Gambling is when you risk something of value (like money or a ticket) on a random event – like a lottery number, football result, fruit machine or scratchcard. It is an activity that is often associated with high stakes and low probabilities of winning. Whether it’s online, in casinos or on the high street, gambling can be addictive and cause harm.
Psychiatrists have long viewed pathological gambling as an impulse control disorder, and it is now listed in the Diagnostic and Statistical Manual of Mental Disorders (DSM-5). However, the psychiatric community has struggled with defining a clear cut distinction between gambling behavior that places individuals at risk of developing serious problems and behavior that meets the criteria for pathological gambling.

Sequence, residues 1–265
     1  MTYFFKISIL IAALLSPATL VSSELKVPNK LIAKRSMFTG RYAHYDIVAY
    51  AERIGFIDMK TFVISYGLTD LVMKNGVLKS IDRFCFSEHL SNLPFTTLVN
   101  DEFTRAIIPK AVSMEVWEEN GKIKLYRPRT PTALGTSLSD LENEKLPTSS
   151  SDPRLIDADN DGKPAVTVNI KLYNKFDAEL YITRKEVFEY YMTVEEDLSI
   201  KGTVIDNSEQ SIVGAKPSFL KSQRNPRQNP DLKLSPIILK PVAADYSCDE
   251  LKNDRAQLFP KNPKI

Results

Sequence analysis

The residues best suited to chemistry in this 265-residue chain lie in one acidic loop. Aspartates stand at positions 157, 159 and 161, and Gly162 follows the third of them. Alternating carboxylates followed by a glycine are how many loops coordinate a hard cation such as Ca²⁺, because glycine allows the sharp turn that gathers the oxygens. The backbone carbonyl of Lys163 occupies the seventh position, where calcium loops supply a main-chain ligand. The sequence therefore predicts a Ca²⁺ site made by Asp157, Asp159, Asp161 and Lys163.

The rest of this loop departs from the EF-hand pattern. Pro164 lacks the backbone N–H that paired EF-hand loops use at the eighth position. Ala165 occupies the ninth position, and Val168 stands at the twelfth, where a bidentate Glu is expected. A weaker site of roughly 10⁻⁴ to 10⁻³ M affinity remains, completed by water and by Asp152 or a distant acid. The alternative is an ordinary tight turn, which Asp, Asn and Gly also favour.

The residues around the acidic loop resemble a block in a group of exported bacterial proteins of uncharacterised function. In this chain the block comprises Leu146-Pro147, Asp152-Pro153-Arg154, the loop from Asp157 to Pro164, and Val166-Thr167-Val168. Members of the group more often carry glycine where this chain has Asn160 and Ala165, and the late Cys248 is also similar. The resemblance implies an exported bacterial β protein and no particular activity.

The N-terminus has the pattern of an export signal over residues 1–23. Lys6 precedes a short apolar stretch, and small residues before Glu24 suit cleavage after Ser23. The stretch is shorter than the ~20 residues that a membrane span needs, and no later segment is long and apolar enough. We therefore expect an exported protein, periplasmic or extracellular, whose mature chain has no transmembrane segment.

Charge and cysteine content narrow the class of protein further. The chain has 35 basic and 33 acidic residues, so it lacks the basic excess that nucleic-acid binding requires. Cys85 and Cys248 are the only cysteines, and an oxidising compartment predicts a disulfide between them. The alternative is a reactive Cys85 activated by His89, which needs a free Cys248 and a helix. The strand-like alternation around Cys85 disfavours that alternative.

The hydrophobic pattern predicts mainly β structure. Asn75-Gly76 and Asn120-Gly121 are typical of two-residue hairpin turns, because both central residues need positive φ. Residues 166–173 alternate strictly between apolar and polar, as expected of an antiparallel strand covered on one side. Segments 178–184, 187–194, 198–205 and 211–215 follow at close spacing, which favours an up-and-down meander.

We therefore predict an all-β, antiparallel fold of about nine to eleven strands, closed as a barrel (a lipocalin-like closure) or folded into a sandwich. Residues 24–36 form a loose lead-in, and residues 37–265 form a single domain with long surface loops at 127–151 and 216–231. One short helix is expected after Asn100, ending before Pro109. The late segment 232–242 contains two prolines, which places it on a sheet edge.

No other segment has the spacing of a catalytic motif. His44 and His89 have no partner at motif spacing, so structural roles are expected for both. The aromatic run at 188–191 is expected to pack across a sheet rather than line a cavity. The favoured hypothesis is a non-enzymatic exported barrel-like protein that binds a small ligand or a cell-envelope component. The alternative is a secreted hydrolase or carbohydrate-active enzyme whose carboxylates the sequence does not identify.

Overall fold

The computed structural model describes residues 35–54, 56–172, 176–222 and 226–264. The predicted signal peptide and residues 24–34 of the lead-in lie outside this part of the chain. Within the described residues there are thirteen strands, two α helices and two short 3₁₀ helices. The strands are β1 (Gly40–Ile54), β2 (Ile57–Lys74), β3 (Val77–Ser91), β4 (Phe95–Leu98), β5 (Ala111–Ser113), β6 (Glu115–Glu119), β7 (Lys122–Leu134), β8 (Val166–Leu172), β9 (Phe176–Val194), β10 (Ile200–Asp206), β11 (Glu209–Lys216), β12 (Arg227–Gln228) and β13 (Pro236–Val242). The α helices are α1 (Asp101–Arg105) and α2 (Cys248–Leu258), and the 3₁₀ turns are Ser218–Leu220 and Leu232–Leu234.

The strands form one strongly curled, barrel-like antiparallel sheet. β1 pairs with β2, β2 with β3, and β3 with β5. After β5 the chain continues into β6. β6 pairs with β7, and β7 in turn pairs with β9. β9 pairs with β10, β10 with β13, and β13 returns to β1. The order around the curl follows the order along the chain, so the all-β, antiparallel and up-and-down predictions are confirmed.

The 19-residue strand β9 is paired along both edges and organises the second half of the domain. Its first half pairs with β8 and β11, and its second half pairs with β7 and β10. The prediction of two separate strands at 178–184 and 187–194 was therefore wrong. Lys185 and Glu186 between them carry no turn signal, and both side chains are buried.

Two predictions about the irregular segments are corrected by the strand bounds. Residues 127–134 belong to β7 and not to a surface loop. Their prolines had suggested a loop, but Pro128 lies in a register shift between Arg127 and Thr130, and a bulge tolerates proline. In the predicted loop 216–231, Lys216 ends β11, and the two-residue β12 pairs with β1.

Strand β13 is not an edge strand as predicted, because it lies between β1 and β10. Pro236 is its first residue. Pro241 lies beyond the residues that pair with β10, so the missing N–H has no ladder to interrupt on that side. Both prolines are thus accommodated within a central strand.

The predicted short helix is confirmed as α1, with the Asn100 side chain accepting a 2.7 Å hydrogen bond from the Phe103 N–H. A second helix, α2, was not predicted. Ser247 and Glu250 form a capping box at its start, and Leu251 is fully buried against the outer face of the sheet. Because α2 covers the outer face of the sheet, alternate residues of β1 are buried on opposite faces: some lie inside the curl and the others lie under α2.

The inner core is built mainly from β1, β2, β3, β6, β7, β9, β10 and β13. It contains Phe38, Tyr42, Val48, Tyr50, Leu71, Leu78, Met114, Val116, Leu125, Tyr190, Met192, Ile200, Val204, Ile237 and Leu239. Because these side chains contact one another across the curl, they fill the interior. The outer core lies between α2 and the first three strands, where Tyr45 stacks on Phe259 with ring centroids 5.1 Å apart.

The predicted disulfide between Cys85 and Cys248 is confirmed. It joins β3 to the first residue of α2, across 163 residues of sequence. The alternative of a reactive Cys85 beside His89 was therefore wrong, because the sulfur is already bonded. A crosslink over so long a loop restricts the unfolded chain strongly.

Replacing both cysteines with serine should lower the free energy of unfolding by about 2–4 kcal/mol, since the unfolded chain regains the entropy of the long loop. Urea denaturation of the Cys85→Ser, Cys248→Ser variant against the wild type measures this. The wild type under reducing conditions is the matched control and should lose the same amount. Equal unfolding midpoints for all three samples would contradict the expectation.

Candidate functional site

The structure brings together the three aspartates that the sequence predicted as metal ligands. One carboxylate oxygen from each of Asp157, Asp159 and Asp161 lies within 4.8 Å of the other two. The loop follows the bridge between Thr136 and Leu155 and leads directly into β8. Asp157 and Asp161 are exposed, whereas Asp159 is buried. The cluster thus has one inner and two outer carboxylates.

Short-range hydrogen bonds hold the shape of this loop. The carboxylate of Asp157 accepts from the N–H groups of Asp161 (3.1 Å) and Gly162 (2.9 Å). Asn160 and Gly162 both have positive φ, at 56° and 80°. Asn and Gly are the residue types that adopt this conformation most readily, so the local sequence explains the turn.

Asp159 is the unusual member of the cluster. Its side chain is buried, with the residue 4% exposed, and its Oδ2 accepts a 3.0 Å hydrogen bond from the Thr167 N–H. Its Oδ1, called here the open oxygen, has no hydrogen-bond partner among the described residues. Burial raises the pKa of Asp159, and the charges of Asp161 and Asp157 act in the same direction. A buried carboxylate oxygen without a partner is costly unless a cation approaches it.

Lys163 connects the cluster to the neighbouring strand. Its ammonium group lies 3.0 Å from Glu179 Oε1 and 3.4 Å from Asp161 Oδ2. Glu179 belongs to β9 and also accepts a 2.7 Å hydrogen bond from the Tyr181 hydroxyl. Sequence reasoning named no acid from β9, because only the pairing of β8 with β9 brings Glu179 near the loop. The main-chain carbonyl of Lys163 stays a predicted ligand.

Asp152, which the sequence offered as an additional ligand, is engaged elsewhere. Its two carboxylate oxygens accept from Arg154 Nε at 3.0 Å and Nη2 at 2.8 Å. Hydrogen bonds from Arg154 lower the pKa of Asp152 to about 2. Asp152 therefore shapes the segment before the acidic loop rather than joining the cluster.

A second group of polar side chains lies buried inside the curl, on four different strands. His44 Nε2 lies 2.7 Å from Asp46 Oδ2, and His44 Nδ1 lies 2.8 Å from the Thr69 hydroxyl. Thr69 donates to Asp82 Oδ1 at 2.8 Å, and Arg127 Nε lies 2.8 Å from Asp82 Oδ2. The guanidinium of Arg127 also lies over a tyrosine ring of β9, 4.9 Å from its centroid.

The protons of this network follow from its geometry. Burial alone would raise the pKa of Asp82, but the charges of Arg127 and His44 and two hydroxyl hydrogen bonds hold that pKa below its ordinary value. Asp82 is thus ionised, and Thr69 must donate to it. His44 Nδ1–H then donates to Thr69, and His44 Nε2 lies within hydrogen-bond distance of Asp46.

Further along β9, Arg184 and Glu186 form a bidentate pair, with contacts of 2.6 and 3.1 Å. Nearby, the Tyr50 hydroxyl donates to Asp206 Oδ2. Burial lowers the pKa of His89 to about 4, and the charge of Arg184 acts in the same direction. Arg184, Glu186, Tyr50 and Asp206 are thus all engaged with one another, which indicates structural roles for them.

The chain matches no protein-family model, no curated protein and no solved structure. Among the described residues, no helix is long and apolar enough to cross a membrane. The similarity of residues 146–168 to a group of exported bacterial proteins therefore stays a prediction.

The latest research shows that gambling can increase anxiety and depressive symptoms in some people, and it can also lead to other harmful behaviors such as substance abuse and poor diet. If you’re worried about the impact of gambling on your mental health, speak to your GP.
Only gamble with disposable income, and never use money that needs to be saved or used for essential expenses. If you want to go to a casino, make sure you have a bankroll in place, and stick to it. And never chase your losses – the thought that you are due for a win and will get back all the money you have lost is called the gambler’s fallacy. It doesn’t work, and it can often be more dangerous than not playing at all.